Published on Saturday, February 3, 2007 by the lndependent/UK
Global Warming: The Final Warning
Carbon Dioxide Rate is at Highest Level for 650,000 Years

by Steve Connor

Concentrations of carbon dioxide in the atmosphere are at their highest levels for at least 650,000 years and this rise began with the birth of the Industrial Revolution 250 years ago, according to the Intergovernmental Panel on Climate Change (IPCC).

This photo from the National Science Foundation shows the shear face of the massive B-15A iceberg stretches for 150 kms across McMurdo Sound after it broke off the Ross Ice Shelf in Antartica, 2001. UN scientists delivered their starkest warning yet about global warming, saying fossil fuel pollution would raise temperatures this century, worsen floods, droughts and hurricanes, melt polar sea ice and damage the climate system for a thousand years to come. (AFP/NSF-HO/File/Josh Landis)

Carbon dioxide is the principal greenhouse gas responsible for global warming and, in 2005, concentrations stood at 379 parts per million (ppm). This compares to a pre-industrial level of 278 ppm, and a range over the previous 650,000 years of between 180 and 300 ppm, the report says.

Present levels of carbon dioxide - which continue to rise inexorably each year - are unprecedented for the long period of geological history that scientists are able to analyse from gas samples trapped in the frozen bubbles of deep ice cores.

However, the IPCC points to a potentially more sinister development: the rate of increase of carbon dioxide in the atmosphere is beginning to accelerate. Between 1960 and 2005 the average rate at which carbon dioxide concentrations increased was 1.4 ppm per year. But when the figures are analysed more closely, it becomes apparent that there has been a recent rise in this rate of increase to 1.9 ppm per year between 1995 and 2005.

It is too early to explain this accelerating increase but one fear is that it may indicate a change in the way the Earth is responding to global warming. In other words, climate feedbacks that accelerate the rate of change may have kicked in.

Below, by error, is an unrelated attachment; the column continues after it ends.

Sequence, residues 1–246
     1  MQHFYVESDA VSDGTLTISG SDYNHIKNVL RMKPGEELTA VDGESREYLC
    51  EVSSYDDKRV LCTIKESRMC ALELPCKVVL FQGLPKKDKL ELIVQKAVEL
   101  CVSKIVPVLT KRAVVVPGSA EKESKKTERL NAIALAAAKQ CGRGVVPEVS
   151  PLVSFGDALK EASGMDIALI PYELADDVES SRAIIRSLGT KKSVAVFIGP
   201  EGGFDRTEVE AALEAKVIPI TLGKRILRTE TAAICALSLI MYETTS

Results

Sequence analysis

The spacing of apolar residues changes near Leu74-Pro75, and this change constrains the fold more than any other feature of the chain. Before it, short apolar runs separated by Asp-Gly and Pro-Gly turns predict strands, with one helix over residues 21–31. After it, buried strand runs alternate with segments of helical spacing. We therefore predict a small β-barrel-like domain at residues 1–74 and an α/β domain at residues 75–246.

The IPPC's report points out that, as the planet gets warmer, the natural ability of the land and the oceans to absorb carbon dioxide from the atmosphere begins to get weaker.

It is estimated that about half of all the man-made emissions of carbon dioxide have been taken out of the air and absorbed by natural carbon "sinks" on the land and in the sea. Many computer models of the climate predict that as the Earth continues to get warmer, these sinks will become less able to absorb carbon dioxide from the atmosphere.

This means that more carbon dioxide will be left in the air to exacerbate the greenhouse effect, so leading to further temperature rises and more global warming, which in turn will make the natural carbon sinks of the Earth even less efficient.

As the IPCC's summary says: "Warming tends to reduce land and ocean uptake of atmospheric carbon dioxide, increasing the fraction of anthropogenic [man-made] emissions that remain in the atmosphere."

This is just one of several "positive feedbacks" that could quickly accelerate the rate of global warming over the coming century. One isa warmer world is causing more evaporation from the oceans and a rise in water vapour - a powerful greenhouse gas - in the lower atmosphere. Another is sea ice and snow cover is shrinking at the poles and on mountains, leading to a further increase in local temperatures.

Global warming: the final warning
According to yesterday's UN report, the world will be a much hotter place by 2100. This will be the impact ...